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Green covered bonds emerge

Norway has been quick to embrace green covered bonds. DnB & SpareBank 1 Boligkreditt helped pave the way for green covered bonds, and a number of saving banks (Sparbanken) have since followed suit with successful green covered bond issuances (see "Are Covered Bonds Becoming More Sustainable?," published on Sept. 6, 2019). Recently OP Mortgage bank announced the first Finnish green covered bond framework. The issuers are tapping into strong investor demand and interest from investors who normally do not invest in the covered bond market. The green covered bond market remains limited in size, but with increasing local covered bond investor interest, we expect Norwegian and eventually Finnish covered bond issuers will join the forefront of developments within this expanding segment.

Ratings Outlook: Not All Issuers Have Unused Notches Of Uplift

Both Norwegian and Finnish covered bonds benefit from investment-grade rated issuers, the first recourse for bondholders. Most of the rated programs benefit from at least one unused notch of uplift, which would protect the rating on the covered bonds in the event of an issuer downgrade. Counterparty risk and recent negative rating actions mean that some issuers no longer have unused notches of uplift available.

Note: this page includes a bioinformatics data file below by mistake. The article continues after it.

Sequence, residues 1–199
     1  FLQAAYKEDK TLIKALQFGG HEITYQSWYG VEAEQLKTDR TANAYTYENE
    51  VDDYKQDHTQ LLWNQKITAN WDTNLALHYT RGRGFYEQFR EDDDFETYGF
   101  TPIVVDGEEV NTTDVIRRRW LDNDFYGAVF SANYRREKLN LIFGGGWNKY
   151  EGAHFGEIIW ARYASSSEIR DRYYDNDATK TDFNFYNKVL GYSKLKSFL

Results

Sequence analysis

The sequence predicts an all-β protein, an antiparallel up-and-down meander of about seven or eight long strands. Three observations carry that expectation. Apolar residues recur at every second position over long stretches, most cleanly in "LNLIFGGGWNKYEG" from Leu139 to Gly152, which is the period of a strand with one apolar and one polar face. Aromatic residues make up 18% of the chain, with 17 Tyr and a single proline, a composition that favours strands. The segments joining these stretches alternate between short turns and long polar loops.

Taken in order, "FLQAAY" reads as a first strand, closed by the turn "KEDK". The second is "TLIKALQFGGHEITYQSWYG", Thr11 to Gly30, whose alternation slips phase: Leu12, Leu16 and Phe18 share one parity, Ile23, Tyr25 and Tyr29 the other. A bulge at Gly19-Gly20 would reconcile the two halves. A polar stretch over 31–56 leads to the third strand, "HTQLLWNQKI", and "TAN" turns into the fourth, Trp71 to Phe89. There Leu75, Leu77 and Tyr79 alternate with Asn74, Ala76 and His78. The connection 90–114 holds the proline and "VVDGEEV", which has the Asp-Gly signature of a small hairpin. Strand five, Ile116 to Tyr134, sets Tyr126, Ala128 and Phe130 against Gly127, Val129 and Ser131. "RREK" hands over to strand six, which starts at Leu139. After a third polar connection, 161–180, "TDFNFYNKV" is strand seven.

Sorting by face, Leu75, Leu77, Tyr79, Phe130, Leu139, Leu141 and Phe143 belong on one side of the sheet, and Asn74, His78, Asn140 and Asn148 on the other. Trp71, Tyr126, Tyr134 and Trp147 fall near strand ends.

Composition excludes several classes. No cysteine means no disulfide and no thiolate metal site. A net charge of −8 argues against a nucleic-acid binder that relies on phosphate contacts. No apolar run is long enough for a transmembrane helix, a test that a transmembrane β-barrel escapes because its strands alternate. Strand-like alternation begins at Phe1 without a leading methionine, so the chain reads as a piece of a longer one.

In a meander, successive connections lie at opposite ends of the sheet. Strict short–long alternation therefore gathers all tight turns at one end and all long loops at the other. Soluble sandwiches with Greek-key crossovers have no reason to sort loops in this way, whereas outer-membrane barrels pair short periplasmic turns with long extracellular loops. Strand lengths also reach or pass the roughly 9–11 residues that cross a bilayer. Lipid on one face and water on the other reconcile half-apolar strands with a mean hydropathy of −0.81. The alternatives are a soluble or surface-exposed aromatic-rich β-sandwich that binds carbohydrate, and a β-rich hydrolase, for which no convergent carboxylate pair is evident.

Chart 10

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Table 6

Norwegian Mortgage Covered Bond Programs
Issuer Covered bond type Country Asset type Covered bond rating Available OC (%) OC in line with rating (%) Number of unused notches
DNB Boligkreditt LCB/OMF Norway Mortgage AAA/Stable/-- 34.93 2.93 4
Eiendomskreditt LCB/OMF Norway Mortgage AAA/Stable/-- 27.40 17.14 0
Nordea Direct LCB/OMF Norway Mortgage AAA/Stable/-- 21.98 6.67 4
Storebrand Boligkreditt LCB/OMF Norway Mortgage AAA/Stable/-- 11.40 9.13 0
LCB--Legislation-enabled covered bonds. OMF--Obligasjoner med fortnnrett. OC--Overcollateralization.

Chart 11

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Table 7

Finnish Mortgage Covered Bond Programs